At the end of the show, Kapinski reveals that (shock horror), he was actually a woman the entire time, and Butt Kapinski but an act put on by a lonely American woman. Fleysher then sits down and asks an audience member to duct tape her to the chair, after which she then wishes for a hero like Butt Kapinski to rescue her. We did what any good audience would do: nothing. We sat and waited to see how long Fleysher would keep it up, before she said that she could go on like this all night. The joy of Butt Kapinski comes from being able to participate in the show, whilst deviating from what is expected of one, being in competition with the actress, whilst simultaneously aiding her craft.
I did not escape participation, either. If anything, Kapinski singled me out very early on, catching sight of me scribbling down notes, and forced me into more uncomfortable situations than the rest of the audience. On multiple occasions, he came over, grabbed my pen from out of my hand, and proceeded to scribble over my notes. One time, I was forced to improvise a poem about my abuse at the hands of my husband. Another time, I had to play a lesbian prostitute, make out with my friend, and then pose erotically with the other men whilst the women imitated male masturbation around me. Fleysher knows that her humour is amoral, and you know it is when contributing to it, yet she somehow makes it okay in this liminal space.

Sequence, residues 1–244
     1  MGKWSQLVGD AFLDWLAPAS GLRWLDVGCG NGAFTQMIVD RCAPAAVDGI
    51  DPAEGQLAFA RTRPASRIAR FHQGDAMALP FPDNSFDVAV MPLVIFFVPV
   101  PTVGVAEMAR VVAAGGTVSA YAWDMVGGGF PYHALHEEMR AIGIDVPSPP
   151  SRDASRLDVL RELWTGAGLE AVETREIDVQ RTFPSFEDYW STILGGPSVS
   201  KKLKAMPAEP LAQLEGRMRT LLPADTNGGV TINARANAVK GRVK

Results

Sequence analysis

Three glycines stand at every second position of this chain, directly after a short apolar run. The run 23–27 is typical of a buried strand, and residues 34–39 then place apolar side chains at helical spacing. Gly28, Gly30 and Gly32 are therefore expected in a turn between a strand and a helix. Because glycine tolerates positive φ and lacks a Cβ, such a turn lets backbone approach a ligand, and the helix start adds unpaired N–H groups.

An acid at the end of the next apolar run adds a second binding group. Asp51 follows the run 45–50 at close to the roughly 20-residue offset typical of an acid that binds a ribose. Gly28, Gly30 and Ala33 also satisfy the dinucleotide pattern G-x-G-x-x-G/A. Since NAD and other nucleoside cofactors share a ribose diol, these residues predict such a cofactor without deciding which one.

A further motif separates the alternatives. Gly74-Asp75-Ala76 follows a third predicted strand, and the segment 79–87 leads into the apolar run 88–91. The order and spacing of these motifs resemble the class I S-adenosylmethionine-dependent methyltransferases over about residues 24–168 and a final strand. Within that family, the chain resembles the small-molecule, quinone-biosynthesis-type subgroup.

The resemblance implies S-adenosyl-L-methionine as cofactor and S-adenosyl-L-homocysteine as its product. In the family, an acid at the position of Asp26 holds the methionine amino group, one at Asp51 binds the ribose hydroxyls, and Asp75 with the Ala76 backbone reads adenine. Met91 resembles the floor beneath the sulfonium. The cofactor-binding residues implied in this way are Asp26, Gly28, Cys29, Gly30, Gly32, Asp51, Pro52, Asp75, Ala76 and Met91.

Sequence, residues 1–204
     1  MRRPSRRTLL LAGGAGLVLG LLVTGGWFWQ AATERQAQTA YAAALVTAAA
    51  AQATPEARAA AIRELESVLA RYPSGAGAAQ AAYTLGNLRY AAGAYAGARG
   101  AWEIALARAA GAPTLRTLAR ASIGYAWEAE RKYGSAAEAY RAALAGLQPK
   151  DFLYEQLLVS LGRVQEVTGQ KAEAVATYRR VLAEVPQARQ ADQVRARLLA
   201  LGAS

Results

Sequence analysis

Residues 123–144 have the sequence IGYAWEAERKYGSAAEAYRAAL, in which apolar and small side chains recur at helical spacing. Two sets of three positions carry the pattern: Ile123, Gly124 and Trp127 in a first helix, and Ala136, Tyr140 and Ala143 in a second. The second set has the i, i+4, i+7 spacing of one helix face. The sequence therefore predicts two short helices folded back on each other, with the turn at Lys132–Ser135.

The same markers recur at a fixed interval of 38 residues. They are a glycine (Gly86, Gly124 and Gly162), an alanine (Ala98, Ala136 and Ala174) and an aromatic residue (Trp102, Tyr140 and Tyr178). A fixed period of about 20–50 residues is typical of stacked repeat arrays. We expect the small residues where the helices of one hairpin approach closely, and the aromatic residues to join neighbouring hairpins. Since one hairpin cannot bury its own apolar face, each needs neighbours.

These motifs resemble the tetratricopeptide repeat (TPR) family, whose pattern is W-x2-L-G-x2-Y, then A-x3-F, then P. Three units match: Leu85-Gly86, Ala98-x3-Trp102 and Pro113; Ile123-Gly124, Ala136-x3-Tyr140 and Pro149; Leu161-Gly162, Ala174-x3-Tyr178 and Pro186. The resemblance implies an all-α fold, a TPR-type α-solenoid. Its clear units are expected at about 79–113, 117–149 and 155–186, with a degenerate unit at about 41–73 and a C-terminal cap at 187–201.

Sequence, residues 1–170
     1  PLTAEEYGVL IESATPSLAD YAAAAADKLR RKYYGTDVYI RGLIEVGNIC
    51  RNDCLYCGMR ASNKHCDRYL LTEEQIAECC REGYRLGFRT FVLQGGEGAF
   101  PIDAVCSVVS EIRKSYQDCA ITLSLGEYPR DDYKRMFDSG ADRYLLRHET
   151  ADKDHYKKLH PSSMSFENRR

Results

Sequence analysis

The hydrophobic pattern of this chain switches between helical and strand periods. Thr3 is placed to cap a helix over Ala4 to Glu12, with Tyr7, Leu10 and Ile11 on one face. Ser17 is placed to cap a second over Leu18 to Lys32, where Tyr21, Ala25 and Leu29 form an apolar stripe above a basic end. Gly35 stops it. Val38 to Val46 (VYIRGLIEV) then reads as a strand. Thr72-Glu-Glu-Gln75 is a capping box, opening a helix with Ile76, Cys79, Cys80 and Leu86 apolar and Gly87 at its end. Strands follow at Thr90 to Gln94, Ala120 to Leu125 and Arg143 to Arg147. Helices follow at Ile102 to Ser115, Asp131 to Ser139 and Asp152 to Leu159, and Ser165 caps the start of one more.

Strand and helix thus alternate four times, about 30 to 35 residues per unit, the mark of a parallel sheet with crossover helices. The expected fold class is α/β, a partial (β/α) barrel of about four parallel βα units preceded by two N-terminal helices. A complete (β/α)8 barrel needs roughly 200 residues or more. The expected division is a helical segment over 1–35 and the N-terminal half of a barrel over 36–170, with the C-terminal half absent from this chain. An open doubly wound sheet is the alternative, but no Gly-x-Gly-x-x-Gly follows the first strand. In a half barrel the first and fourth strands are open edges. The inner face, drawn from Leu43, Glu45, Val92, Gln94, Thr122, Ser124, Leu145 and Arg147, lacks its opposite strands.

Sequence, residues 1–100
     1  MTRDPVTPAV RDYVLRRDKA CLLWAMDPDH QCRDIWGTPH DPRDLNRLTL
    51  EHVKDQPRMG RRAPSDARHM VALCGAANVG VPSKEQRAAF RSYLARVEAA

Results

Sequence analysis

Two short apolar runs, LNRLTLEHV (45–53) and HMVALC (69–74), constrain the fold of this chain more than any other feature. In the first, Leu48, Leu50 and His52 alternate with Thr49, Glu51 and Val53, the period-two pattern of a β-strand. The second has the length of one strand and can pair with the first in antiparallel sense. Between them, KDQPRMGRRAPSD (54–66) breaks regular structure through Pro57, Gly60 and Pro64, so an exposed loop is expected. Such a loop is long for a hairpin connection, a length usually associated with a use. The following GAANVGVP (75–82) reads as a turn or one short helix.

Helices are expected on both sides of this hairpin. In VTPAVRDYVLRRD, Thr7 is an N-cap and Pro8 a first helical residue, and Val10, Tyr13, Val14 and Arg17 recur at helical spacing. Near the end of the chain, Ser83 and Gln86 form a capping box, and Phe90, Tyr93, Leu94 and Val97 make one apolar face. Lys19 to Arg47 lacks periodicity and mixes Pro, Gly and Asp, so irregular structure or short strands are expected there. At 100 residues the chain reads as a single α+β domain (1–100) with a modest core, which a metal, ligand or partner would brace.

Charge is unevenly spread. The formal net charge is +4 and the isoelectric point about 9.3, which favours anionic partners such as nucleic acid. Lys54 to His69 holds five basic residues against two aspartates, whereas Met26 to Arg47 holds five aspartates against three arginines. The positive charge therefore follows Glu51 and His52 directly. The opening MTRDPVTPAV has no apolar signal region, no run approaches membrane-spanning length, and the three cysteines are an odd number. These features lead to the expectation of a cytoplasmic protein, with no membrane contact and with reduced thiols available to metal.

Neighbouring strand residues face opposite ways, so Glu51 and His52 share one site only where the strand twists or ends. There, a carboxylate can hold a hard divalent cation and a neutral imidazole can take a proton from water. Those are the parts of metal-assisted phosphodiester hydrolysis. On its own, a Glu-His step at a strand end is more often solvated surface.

That said, this is the third murder mystery-related improvised comedy show I have seen in a row, and the third to fall slightly short of exploring everything that narrative structure has to offer. I was lucky(?) to have been picked to act on so many occasions, and I am glad that so many of the cues involved the whole audience, but there could have been more skits based on the murder mystery theme – Fleysher is so charismatic, I have no doubt she could have persisted for half an hour more. When I was given the instruction not to swap chairs with anyone, I was anticipating having to move more. Only a brave few had the opportunity to stray from the safe confines of their chair, meaning the distance between actor and audience was still very much perceptible.
Even with those small blemishes, Butt Kapinski remains an incredibly bold show and the closest a production has come to achieving a perfect mastery of audience participation, at least that I have seen. Although it at times made me very aware of the middle-aged audience I was in, with its saucily erotic jokes, Fleysher’s creation is a delight to watch and act alongside. Her command of the audience is indomitable, even when we tried our best to deviate from what was expected of us. Unfortunately, Butt Kapinski was only showing in Oxford for a single night, but the show is touring around London and Bristol, among others, and I would implore you to grab tickets if you get the chance. There’s nothing else quite like it.